Eyes up, Lyons.
“Just not a fan of boats,” I say, picking the first real excuse I can think of. “I’ve seen Jaws and Titanic. As far as I’m concerned, sea travel should be avoided at all costs.”
Max laughs, warm. “Okay, but what if I see your Jaws and Titanic and raise you the entire Final Destination series? Rules out air travel, car travel, and roller coasters.”
A smile tugs at my lips, but I force it down—because 1) having a crush on the first lanky boy who asks me how I’m doing is totally embarrassing, and 2) I’m almost positive that this is how Max drags the secrets out of his documentary subjects before they even know what hit them.
I hadn’t met him until today, but I’ve known about Max since his documentary blew up on YouTube last year, the one exposing Jared Sky, who runs one of the most-followed commentary channels, as a serial catfish. From there, Max’s small following grew into a horde of fans—some of whom, I’d argue, are more drawn to his sharp jawline and six-foot frame than they are to his journalistic prowess, but that’s just my opinion. As, you know, another girl who is also apparently charmed by those things, as much as that makes me want to scream into the nearest suitcase.
Logan Costello, on the other hand, is not impressed.
“Are you gonna be filming this whole time?” she asks Max, narrowing her hazel eyes. The breeze blows dark strands out of her loose ponytail, making them dance around her pale face. “Like, I’m pretty sure the crew has it covered. Unless the camera is just a film-bro fashion statement, in which case, might I suggest therapy?”
Max turns pink, and I bite my cheek to stifle a laugh. Logan comes off as a little harsh, I guess, but from what I’ve seen of her content, sharp and dry is her brand of humor. Before she joined the Bounce House, Logan’s videos genuinely cracked me up, from tips on how to repel men on the dance floor to random stories told straight to the camera. But after getting picked up by the biggest TikTok collective around, she mostly did their usual stuff: spon-con, dances, and vlogs. Then, two months ago, she left without explanation. There’s all kinds of rumors about why she quit, but if you ask me, it was a good move. I know there’s only so much you can know about a person from their socials, but the longer Logan stayed with the Bounce House, the less she seemed like herself.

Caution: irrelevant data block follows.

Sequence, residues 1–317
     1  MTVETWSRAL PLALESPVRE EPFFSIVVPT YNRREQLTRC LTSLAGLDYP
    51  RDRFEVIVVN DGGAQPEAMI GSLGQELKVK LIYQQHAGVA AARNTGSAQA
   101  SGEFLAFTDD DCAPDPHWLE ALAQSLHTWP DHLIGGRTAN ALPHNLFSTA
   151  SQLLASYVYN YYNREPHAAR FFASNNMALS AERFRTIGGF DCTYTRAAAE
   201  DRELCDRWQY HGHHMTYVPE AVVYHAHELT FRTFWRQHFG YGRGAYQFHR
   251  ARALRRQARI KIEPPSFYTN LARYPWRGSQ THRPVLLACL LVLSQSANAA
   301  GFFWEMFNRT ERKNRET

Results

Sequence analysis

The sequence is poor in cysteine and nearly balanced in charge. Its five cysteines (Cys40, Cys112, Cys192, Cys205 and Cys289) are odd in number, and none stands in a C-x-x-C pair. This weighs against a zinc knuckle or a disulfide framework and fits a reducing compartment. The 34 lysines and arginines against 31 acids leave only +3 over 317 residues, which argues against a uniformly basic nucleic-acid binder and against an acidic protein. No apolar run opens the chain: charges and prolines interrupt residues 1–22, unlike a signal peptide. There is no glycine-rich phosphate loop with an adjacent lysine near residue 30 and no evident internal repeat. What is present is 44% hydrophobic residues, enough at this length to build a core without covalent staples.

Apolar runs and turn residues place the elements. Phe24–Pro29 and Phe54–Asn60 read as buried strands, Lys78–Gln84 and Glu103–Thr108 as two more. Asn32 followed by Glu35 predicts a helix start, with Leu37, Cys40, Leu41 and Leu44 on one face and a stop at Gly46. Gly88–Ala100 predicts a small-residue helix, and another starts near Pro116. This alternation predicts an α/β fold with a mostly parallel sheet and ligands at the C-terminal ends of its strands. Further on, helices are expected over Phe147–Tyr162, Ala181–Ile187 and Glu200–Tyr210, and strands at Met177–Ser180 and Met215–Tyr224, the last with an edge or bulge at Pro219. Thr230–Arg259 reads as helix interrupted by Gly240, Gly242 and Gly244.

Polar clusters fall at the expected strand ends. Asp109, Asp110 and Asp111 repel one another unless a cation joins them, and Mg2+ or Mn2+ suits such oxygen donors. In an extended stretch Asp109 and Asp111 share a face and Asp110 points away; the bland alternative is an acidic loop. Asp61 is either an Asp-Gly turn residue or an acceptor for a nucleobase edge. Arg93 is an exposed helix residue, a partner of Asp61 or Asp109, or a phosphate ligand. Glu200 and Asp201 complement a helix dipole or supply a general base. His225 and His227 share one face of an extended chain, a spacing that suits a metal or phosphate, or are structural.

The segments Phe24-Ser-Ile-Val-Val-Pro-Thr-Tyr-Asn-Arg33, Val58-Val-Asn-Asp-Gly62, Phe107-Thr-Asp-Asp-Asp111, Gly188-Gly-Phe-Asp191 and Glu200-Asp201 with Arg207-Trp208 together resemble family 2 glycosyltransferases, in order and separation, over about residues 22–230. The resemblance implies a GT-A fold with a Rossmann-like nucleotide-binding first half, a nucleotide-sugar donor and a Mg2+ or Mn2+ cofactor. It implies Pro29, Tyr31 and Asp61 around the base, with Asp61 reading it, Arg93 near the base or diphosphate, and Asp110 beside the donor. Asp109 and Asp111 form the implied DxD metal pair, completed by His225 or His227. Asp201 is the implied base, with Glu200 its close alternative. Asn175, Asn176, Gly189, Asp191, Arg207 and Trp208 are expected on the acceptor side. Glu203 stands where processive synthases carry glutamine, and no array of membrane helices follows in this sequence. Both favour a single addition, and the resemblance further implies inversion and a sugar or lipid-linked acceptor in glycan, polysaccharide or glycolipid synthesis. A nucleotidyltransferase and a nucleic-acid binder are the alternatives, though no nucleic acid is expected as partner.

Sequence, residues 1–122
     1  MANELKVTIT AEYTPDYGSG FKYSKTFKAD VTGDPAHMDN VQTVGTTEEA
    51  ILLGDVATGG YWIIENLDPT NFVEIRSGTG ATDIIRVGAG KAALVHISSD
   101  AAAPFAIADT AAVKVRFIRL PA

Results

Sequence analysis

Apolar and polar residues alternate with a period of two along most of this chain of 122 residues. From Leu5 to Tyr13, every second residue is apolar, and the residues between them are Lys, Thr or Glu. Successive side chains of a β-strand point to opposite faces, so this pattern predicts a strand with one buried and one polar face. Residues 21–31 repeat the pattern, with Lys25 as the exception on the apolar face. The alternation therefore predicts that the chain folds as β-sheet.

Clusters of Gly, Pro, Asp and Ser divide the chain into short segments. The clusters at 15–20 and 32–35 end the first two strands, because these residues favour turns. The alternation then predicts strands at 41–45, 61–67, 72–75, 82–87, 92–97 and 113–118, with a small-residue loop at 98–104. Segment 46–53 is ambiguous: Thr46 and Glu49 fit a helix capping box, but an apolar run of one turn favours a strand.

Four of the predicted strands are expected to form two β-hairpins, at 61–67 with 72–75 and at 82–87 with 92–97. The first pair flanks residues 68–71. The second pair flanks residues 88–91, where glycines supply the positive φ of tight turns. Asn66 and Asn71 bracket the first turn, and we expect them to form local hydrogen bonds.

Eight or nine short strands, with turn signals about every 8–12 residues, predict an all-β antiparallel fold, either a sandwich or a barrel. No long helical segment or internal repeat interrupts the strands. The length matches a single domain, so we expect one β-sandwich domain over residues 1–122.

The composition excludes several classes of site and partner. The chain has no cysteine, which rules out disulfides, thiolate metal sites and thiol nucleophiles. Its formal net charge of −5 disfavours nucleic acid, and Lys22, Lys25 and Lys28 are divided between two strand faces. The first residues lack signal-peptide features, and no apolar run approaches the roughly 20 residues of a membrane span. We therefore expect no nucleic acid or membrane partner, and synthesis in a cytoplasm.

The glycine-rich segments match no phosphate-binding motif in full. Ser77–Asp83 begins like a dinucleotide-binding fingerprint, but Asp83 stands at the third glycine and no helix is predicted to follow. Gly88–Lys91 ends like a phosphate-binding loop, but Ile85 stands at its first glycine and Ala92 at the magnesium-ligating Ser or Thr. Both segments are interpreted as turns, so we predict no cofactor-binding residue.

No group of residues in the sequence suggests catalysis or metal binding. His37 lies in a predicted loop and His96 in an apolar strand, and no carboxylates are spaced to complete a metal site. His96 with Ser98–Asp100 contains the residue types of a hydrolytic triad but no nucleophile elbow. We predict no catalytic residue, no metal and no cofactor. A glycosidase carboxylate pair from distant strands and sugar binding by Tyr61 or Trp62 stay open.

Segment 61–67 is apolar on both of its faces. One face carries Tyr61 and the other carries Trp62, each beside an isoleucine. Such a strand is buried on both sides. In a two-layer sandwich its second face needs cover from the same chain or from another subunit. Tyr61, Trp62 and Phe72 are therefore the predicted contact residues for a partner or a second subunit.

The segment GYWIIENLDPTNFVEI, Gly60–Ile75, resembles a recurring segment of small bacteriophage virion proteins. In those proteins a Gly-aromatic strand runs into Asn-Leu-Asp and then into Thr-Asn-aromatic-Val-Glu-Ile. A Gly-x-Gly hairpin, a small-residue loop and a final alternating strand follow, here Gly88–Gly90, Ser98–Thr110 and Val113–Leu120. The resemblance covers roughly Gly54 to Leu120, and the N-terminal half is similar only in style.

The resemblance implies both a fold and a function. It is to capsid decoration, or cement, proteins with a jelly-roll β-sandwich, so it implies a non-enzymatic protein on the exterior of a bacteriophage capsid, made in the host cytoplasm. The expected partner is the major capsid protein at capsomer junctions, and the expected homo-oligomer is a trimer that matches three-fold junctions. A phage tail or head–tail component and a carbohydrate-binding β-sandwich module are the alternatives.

“Tilly said it was fine.” Max shrugs, running a hand through his messy brown hair. “No internet connectivity.”
Logan frowns. “Wait, are you actually making a documentary about this?”
“A documentary about a TV show about disconnecting from social media.” Corinne Lecompte leans back against the boat’s railing, thoughtfully scrunching her nose, where freckles splash across her brown skin. “Meta.”
I smile, wishing I could text Alex to let him know that I’m about to spend three weeks with his Twitch idol. My fifteen-year-old brother is almost always plugged into a video on his phone, and most of the time, it’s one of Corinne’s streams. I’m not much of a gamer, but she seems pretty badass. There are hardly any women on the most-followed streamer lists, especially Black women, so not only is Corinne breaking boundaries, but it looks like she’s crushing them. This past spring, when a toxic alpha-male streamer started trolling her, Corinne challenged him to a match in a battle-royale game—and totally destroyed him, obviously. Her following surpassed his within hours, and it’s only been growing since then. But she hasn’t been going live lately, which I only know because Alex has been complaining about it for weeks. Mentally, I promise him that I’ll ask Corinne what’s been going on, once I stop feeling intimidated by how effortlessly cool she looks in her green coverall romper and platform sneakers.
A scoff draws my attention to Aaron Tyler Banks, sitting as far from everyone as he can manage—which isn’t very, since the boat is barely big enough to fit the five of us, the driver, and our bags. Scowling at Max, Aaron squirts sunscreen into his hands and smears it onto his pasty, freckle-covered skin. “Whatever you think you’re filming, you officially do not have permission to use my face.”